Do I REALLY have to use $host.SetShouldExit?

This topic contains 2 replies, has 2 voices, and was last updated by  Scott Bass 4 years, 7 months ago.

  • Author
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  • #4705

    Scott Bass
    Participant

    I've written a PS script to submit a SAS job.  This script will be used for both interactive processing (from the console) as well as batch processing (from JAMS).

    In both scenarios, it's critical that the correct error code returned from SAS is passed back to the calling process.

    The last few lines from my script are:

    END {
    #=== This section is called once, at the end of the script ===#
    
    # get the maximum return code
    $global:LASTEXITCODE=($rtncodes | measure-object -max).maximum
    }

    However, when I submit this code from JAMS, it doesn't send the correct return code to JAMS.  Even jobs that end in error have rc=0.

    If I change the code to:

    END {
    #=== This section is called once, at the end of the script ===#
    
    # get the maximum return code
    $global:LASTEXITCODE=($rtncodes | measure-object -max).maximum
    $host.SetShouldExit($LASTEXITCODE)
    }

    Then the script works properly in JAMS, but blows away my PS console window when I run it interactively.

    Any ideas for solving this conundrum?

    Thanks,

    Scott

  • #4808

    Don Jones
    Keymaster

    PowerShell doesn't much use stderr or stdout or any other decades-old console conveniences like that. You're doing it the right way – but what it does, obviously, closes the console session if you're doing it interactively. I suppose you could put some logic in to test and see if you're running interactively, and do something different?

  • #4898

    Scott Bass
    Participant

    Hi Don,

    Thanks for the reply.  Much appreciated.

    I've worked this one out, at least for my environment. The solution is somewhat JAMS specific, but I thought I'd share for the sake of completeness to this thread.  Perhaps someone Googling for this same issue someday will hit this thread.

    First of all, JAMS has a custom Powershell host which it uses to launch Powershell jobs. It also uses a concept called an execution method to determine how to launch the job.  Since my job is just a Powershell script invoking SAS, I've cloned the standard Powershell execution method for my SAS jobs.  I've done this instead of using the default Powershell execution method since I have to do some return code fiddling so that a SAS warning (non-zero return code) is not treated as an error and stop the downstream jobs from executing.

    Here is some output from a simple JAMS job echoing the $host object:

    Source Code:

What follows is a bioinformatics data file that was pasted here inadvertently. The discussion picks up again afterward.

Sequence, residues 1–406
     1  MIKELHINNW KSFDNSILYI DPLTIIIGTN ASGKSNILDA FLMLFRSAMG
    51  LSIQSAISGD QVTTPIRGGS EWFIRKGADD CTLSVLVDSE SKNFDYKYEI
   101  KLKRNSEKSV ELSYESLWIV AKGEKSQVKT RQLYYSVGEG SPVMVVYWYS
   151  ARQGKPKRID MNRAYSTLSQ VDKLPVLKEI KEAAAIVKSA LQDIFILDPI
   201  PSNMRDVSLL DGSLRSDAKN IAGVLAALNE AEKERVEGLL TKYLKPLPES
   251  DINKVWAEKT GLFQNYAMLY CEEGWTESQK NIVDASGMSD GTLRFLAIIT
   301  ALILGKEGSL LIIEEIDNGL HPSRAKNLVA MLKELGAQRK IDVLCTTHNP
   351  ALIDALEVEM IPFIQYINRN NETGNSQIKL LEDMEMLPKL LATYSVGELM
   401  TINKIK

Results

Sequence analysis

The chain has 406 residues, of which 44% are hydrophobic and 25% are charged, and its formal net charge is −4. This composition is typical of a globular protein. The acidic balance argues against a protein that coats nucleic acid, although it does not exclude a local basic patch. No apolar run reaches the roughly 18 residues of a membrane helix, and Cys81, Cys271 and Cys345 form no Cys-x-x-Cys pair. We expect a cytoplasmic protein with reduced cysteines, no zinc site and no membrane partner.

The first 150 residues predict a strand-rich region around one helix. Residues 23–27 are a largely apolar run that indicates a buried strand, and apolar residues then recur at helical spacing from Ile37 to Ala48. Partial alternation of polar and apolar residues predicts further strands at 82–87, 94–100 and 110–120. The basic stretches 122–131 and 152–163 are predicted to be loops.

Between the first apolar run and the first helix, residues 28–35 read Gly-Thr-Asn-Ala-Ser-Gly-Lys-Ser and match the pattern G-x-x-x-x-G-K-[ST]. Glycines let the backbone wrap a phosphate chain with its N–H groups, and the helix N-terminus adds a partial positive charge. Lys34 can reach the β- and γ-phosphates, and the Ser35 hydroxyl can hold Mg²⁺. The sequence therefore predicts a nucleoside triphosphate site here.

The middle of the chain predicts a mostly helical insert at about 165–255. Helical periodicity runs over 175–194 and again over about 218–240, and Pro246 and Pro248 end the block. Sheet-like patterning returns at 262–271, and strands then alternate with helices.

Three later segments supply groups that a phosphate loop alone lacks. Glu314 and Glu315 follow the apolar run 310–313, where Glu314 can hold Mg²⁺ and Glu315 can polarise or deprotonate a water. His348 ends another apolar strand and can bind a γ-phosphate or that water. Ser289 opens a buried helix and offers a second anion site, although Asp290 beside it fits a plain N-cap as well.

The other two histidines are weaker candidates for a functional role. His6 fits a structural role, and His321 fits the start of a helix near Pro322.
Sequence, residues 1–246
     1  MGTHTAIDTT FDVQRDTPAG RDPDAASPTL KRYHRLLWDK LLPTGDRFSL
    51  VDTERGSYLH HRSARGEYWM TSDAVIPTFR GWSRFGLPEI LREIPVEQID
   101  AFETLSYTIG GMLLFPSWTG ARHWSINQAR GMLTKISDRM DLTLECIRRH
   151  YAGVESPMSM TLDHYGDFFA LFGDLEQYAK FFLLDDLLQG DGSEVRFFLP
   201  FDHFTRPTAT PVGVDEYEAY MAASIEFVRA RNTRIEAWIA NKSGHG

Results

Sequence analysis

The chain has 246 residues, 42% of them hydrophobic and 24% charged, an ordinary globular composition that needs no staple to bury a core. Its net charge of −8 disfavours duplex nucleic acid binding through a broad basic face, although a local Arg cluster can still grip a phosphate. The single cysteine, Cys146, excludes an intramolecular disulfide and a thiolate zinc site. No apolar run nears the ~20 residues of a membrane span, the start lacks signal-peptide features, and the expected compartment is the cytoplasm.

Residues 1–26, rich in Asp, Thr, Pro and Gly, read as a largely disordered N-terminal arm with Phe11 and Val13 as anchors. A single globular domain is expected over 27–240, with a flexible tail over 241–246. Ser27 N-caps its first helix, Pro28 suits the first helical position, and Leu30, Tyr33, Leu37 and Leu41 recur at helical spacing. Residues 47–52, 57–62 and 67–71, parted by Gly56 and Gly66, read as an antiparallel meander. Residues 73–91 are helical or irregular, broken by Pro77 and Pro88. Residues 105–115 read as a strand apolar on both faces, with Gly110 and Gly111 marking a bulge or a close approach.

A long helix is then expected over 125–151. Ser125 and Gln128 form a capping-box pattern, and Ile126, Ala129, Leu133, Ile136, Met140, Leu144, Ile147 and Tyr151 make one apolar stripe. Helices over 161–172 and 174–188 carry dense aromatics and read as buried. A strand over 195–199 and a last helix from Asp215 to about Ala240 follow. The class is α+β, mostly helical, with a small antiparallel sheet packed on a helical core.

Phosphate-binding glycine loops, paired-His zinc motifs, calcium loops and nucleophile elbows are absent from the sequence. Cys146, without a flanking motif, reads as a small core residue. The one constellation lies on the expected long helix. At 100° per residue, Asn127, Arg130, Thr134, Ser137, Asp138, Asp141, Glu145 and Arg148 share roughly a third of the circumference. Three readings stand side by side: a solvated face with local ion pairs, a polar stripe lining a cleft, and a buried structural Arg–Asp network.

$host | Format-List *
    
    if ($host.Name -eq "JAMSHost") {
    "This job < > is running under JAMS."
    }

    And the Output in the JAMS log:

    Name : JAMSHost
    Version : 4.3.1.0
    InstanceId : ab689a2e-3b18-42b9-92e0-d19826aedaad
    UI : System.Management.Automation.Internal.Host.InternalHostUserInterface
    CurrentCulture : en-AU
    CurrentUICulture : en-US
    PrivateData : MVPSI.JAMS.Host.PowerShell.JAMSHostInfo
    IsRunspacePushed : 
    Runspace :
    
    This job _WriteVariables is running under JAMS.

    So, in my script, I could do this check on the $host.Name property, and conditionally execute $host.SetShouldExit($lastexitcode) for JAMS submitted jobs only.

    However, a JAMS execution method also supports the concept of a template.  A template is a "wrapper" around the job's source code (a bit more than that really, but this explanation will do).

    So, my JAMS execution method template is:

    < >
    
    # echo the SAS exit code to the JAMS log, and pass this code back to JAMS
    
    "LASTEXITCODE=$lastexitcode"
    $host.SetShouldExit($lastexitcode)
    
    ### END OF FILE - do not add anything below this line ###

    This essentially appends the $host.SetShouldExit($lastexitcode) statement to the end of the job source.  This returns the correct errorcode created by my Powershell script back to the JAMS scheduler.

    Details:

    Here is what I *think* is happening:

    1) JAMS creates a temporary file from the template.  It expands JAMS tokens, such as < > within the template.  It appends the $host.SetShouldExit statement to the end of the source code.

    2) It launches the temporary script using its custom Powershell host.

    3) When it encounters my script invocation, it starts another process to run the script (???)

    4) When my script invokes SAS via $p=Start-Process ... -ArgumentList -Wait -NoNewWindow -Passthru, it starts another process to run the script.

    5) I use $script:sasrc=$p.ExitCode to capture the exit code from SAS

    6) I set $global:lastexitcode=$script:sasrc at the end of my script (I'm not sure this is needed??? But it works.)

    7) This sets $lastexitcode within the JAMS custom host, after my script has ended.

    8) Finally, $host.SetShouldExit($lastexitcode) returns the exit code to the scheduler.

    I think that's the sequence of events...

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